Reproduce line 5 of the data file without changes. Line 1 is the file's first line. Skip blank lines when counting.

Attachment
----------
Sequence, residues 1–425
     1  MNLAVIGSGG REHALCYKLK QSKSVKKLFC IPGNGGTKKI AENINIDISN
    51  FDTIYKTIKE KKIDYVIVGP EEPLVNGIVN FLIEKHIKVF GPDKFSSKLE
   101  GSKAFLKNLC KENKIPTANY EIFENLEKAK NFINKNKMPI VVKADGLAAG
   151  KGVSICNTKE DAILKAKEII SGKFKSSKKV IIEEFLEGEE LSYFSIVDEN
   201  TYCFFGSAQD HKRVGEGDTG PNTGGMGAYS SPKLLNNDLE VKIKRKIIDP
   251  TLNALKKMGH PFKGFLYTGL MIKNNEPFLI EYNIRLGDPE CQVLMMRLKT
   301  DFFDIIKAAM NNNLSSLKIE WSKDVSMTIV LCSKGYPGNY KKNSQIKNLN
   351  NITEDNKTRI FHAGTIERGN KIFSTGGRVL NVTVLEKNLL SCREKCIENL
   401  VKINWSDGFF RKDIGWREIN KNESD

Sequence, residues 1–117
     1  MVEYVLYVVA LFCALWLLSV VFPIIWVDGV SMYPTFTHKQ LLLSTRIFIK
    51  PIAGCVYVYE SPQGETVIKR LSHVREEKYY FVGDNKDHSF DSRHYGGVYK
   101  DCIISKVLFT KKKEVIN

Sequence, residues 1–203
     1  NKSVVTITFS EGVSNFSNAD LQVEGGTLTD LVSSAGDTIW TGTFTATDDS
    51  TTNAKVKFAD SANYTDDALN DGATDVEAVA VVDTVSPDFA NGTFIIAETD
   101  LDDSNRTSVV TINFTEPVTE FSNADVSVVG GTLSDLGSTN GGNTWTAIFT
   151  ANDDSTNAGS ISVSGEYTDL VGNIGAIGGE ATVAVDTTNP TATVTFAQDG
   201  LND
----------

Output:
   151  KGVSICNTKE DAILKAKEII SGKFKSSKKV IIEEFLEGEE LSYFSIVDEN